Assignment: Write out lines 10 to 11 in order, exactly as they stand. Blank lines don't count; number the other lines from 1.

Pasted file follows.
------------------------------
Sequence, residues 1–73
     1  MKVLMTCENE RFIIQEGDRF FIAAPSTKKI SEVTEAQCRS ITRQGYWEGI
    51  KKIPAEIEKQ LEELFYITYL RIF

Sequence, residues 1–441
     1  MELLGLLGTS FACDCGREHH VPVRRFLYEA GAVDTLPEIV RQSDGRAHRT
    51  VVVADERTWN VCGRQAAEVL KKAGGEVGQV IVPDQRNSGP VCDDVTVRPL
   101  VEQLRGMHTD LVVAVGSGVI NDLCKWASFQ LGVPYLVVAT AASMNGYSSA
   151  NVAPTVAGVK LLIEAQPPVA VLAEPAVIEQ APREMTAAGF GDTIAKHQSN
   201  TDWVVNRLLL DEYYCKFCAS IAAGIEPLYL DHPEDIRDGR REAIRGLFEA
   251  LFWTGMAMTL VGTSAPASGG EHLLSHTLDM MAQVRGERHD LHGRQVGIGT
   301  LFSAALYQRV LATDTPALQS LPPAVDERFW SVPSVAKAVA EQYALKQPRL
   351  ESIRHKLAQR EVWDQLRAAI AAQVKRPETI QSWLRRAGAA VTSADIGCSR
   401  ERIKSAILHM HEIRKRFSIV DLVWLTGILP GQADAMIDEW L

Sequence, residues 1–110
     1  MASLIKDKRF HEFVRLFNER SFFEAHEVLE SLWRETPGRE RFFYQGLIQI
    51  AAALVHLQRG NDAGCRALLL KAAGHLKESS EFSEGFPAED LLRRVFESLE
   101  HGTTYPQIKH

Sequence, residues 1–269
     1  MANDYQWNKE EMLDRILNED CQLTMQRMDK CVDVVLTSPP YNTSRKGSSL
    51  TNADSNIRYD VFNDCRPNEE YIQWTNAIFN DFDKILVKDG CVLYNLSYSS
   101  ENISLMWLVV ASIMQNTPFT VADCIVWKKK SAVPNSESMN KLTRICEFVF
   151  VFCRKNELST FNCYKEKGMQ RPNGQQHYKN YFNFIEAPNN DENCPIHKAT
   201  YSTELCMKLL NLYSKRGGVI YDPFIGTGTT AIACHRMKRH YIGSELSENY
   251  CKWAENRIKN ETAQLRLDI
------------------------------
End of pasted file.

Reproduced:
   251  LFWTGMAMTL VGTSAPASGG EHLLSHTLDM MAQVRGERHD LHGRQVGIGT
   301  LFSAALYQRV LATDTPALQS LPPAVDERFW SVPSVAKAVA EQYALKQPRL